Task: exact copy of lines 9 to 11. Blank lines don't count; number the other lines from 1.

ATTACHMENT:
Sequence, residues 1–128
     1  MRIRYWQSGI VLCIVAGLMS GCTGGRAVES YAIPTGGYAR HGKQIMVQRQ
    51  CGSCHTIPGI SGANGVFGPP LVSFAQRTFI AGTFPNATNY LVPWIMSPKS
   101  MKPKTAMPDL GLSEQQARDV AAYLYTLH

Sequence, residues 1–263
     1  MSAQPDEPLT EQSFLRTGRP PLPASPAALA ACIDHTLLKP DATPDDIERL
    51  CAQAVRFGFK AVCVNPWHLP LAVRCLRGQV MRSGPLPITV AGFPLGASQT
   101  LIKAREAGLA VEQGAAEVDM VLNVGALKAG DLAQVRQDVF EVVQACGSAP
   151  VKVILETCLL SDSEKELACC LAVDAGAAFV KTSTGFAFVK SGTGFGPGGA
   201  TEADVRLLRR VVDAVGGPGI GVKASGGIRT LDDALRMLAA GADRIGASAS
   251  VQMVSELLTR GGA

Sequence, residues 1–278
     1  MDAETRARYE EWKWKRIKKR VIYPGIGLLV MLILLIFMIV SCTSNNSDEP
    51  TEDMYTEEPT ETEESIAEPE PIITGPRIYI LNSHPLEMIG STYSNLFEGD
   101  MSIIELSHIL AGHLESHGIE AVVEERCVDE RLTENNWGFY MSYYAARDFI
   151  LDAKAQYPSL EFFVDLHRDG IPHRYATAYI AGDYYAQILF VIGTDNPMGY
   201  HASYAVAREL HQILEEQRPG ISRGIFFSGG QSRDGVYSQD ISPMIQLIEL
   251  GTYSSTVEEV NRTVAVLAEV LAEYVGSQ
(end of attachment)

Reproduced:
   151  VKVILETCLL SDSEKELACC LAVDAGAAFV KTSTGFAFVK SGTGFGPGGA
   201  TEADVRLLRR VVDAVGGPGI GVKASGGIRT LDDALRMLAA GADRIGASAS
   251  VQMVSELLTR GGA